I cut them in individual ribs then Clive used one of my old chef's knives and a hit it with a meat mallet! Done

  • 14 years ago
    last modified: 9 years ago

    LOL! I had visions of Clive taking them out the the woodshop and running then through a band saw..... I like your solution though, I think I could handle that!


  • 14 years ago
    last modified: 9 years ago

    Oh, Andy, darn it, I still don't see a picture! And it sounds like it would be very pretty. Try again?

    Terri- remember I had only one block of cream cheese, so with two, it might need the amount of sugar you specify in your version.

    In my never-ending quest to try to love cauliflower -- a vegetable that I am apathetic about exept with Indian spices -- I made Cauliflower Couscous with Lemon Basil sauce. The only changes I made to the recipe was to halve the "couscous" part of it. I made the full amount of the sauce which will get used on other things.

    It was...ok. Love the sauce. Love the idea. In the end, however, it was still cauliflower. I just couldn't get excited about it. It did taste better the next day, but in all honesty I'd probably only make it again if I was having a crowd over or needed something for a guest on a gluten-free diet. (And that

    Maybe some of you will like it better. I'll include the link so you can see the lovely photo of it.

    Cauliflower "Couscous" with Basil-Lemon Sauce
    Serves 8
    For the basil-lemon sauce
    10 large (about 1 cup loosely packed) fresh basil leaves
    Zest and juice of 2 lemons, preferably Meyer
    1/2 cup fruity extra-virgin olive oil
    1 tablespoon maple syrup

    For the couscous
    1 tablespoon unsalted butter
    1 tablespoon extra-virgin olive oil
    1 medium red onion, finely diced
    1 medium head cauliflower, stalks and stems discarded, florets finely diced
    Kosher salt
    Freshly ground black pepper
    1/4 cup Basil-Lemon Sauce
    2 tablespoons fresh basil chiffonade

    Make the sauce
    1. Combine the basil, lemon zest and juice, oil, and maple syrup in a blender. Purée and transfer to a jar with a tight-fitting lid. The sauce will keep in the refrigerator for about 7 to 10 days.

    Make the couscous
    1. Melt the butter with the olive oil in a chefs pan or wok large enough to hold all the cauliflower over high heat. Add the onion and saute until the onion softens, about 2 minutes.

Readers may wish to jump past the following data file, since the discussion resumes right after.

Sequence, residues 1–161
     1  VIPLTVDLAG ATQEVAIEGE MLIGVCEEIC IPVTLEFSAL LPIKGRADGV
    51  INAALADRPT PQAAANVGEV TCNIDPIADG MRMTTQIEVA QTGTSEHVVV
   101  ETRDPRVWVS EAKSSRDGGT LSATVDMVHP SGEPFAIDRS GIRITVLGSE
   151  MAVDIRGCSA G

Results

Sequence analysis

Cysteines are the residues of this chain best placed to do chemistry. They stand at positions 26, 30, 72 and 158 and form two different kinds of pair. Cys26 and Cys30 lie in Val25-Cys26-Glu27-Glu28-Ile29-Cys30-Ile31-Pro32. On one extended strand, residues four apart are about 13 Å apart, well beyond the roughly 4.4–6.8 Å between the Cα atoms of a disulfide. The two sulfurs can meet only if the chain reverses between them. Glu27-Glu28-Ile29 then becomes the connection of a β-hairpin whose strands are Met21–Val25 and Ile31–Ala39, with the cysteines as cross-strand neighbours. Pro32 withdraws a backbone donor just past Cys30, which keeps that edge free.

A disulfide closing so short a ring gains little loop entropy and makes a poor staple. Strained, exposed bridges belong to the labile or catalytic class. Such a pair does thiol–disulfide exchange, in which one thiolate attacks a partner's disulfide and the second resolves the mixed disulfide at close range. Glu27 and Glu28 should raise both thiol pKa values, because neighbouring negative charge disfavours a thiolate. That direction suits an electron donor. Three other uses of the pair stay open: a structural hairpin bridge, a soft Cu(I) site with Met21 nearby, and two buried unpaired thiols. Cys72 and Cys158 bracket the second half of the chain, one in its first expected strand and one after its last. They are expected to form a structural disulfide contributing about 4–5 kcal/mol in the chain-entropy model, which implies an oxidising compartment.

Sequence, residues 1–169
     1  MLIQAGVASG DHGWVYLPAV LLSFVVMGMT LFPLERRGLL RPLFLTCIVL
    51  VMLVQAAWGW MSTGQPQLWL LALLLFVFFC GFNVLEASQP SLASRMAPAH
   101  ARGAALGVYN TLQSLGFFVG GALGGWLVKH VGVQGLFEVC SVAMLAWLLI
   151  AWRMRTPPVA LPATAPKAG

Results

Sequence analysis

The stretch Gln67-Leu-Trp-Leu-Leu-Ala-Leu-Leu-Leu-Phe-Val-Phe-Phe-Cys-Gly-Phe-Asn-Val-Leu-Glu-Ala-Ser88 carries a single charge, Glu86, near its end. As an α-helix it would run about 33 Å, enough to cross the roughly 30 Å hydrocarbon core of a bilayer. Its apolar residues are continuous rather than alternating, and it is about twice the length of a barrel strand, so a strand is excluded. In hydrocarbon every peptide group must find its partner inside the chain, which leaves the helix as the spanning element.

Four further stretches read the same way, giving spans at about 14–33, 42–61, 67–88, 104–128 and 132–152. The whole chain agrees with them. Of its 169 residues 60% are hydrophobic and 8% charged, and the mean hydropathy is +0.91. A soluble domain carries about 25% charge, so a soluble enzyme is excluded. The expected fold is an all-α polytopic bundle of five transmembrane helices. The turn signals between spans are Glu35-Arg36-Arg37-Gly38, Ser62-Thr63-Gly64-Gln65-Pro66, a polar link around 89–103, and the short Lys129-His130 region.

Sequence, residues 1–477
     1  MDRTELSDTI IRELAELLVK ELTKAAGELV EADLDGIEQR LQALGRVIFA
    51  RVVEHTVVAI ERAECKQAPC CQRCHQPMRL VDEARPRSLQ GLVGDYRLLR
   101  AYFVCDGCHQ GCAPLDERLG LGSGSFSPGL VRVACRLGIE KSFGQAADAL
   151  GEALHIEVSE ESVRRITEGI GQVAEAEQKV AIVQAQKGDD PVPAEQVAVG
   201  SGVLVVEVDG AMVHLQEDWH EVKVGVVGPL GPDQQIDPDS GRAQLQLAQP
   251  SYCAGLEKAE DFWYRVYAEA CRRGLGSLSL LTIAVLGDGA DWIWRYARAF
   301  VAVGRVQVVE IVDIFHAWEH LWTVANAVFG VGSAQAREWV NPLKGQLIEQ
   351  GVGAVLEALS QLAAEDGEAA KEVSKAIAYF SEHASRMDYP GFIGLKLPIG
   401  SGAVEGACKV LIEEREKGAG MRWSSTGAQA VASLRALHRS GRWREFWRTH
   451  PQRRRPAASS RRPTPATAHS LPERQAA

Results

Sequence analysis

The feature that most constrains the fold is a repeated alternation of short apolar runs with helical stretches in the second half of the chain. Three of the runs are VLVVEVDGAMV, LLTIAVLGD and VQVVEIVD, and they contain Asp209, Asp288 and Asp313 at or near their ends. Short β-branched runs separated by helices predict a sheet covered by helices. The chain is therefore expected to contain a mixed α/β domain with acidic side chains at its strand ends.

2. Add the cauliflower, stir thoroughly, salt and pepper liberally, and cook until the cauliflower softens, about 10 minutes.

    3. Add 2 tablespoons of the sauce and cook until tender and fragrant, another 10 minutes. Adjust the salt, add the remaining 2 tablespoons sauce, mix thoroughly, and transfer to a serving bowl. Top with the basil chiffonade.

    Source: Eric Gower : The Breakaway Cook. Repreinted on

    Here is a link that might be useful: recipe source

  • 14 years ago
    last modified: 9 years ago

    Not sure why the ceviche isn't showing up for you, I see it here -- its possible that flickr isn't making its way to you (firewall or permission or something).

    If after all this trouble, you'd like to see the pic (it was really really tasty -- even though TasteSpotting rejected the pic), prolly the easiest way I can think of to see it would be via my blog (link below)...

    Here is a link that might be useful: That Jew Can Cook (my blog)

  • 14 years ago
    last modified: 9 years ago

    Andy, it's just a bg blue-lined square with the Flickr logo and in the center says "This photo is currently unavailble" in microscopic font in the center. Weird.

    But, hey! It worked out well because I enjoyed looking at your blog. :) Very nice! I like the presentation. Next time DH is home, I'm going to talk him into going to to the fish market in Reno (the only place within hours to get fresh fish) and make it. I love ceviche and have missed access to it.